"I was so worried that I had missed Mother's Day, I ended up sending flowers two weeks early," laughs actor and playwright Charles Busch.
Don't panic! There's still time to remember your mother on her special day--Sunday, May 14--with the gift of theater.
Impress Mom by taking her to see a show dedicated to one of her favorite legends: Mae West, Marlene Dietrich, Frank Sinatra, or Barbra Streisand. "My mom grew up with a passion for Dietrich's work," says drag illusionist James Beaman, who stars as the screen goddess in Marlene! Alive at the Café de Paris. "This show is a chance for Mom to 'visit' with Marlene." On May 14, Mickey Coburn (actress, playwright, and Beaman's mother) will introduce Marlene with a poem written by Noel Coward. "Mom has always been very supportive of me," Beaman says proudly.
At Don't Tell Mama, acclaimed Streisand impersonator Steven Brinberg will perform a medley of songs culled from Mrs. James Brolin's "permed-hair days." One song included in Simply Barbra 2000 is "Mother," written by John Lennon. "A lot of fans wish Barbra was their mother," jokes Brinberg.
Claudia Shear brings sassy sex symbol Mae West to life in Broadway's newest play, Dirty Blonde. For fans of Old Blue Eyes, the music of Frank Sinatra is faithfully captured in the cabaret show Our Sinatra.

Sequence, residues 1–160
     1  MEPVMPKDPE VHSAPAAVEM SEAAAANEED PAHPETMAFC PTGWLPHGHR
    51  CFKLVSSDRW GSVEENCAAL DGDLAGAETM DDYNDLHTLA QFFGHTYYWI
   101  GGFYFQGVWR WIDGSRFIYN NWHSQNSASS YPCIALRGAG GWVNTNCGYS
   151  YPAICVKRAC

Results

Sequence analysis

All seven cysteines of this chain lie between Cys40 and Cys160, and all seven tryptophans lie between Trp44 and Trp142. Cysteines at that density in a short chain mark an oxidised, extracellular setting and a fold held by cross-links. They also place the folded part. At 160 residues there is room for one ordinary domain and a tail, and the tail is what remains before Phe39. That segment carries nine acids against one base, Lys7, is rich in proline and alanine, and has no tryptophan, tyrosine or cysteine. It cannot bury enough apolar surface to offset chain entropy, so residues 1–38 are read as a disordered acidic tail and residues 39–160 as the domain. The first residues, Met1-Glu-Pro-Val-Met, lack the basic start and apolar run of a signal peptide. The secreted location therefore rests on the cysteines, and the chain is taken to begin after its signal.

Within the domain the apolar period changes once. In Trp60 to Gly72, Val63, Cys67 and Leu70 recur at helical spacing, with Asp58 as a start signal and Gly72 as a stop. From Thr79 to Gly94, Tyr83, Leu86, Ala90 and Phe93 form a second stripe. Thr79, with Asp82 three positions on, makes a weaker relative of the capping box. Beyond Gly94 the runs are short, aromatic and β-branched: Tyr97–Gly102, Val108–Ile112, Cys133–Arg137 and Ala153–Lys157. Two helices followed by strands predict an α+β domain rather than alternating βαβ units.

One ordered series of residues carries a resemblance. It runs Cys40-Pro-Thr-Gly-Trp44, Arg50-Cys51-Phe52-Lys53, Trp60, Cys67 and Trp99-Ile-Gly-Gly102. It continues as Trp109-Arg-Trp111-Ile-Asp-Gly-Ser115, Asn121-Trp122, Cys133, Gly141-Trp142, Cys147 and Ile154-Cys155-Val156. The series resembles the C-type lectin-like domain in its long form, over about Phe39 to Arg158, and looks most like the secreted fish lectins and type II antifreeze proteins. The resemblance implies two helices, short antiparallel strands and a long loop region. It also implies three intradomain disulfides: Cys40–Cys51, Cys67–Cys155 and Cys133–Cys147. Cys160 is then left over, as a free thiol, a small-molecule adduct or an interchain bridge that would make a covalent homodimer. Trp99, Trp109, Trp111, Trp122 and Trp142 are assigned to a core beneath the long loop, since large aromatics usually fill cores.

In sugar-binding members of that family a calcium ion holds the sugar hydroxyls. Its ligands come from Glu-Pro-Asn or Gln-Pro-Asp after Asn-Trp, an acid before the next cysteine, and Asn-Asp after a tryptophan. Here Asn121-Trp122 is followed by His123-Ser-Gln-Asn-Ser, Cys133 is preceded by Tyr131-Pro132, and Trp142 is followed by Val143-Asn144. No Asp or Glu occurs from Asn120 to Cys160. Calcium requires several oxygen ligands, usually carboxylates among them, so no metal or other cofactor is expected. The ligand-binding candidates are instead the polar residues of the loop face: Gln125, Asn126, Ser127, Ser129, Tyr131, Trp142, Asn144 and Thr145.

"I'm not sure what I'd take my mom to see," confesses Jason Catalona from The Bomb-itty of Errors,the hip-hop take on Shakespeare. "She would probably enjoy The Green Bird. I like Julie Taymor; she does a lot of cool stuff with puppets and costumes."
There seems to be a mutual admiration society among The Bomb-itty of Errors' cast and Taymor, who directed The Lion King in addition to The Green Bird. In the current issue of Vogue, Taymor praises Bomb-itty as "theater at its most compelling!"
"I'd suggest Cabaret," says Tom Gualtieri, a cast member in off-Broadway's provocative Naked Boys Singing. "Like our show, Cabaret offers singing, dancing, and debauchery!" When Gualtieri's mother saw him in the revealing revue, she remarked, "You haven't changed since you were a baby!" To which a chagrined Gualtieri responds, "I hope she was referring to my personality!"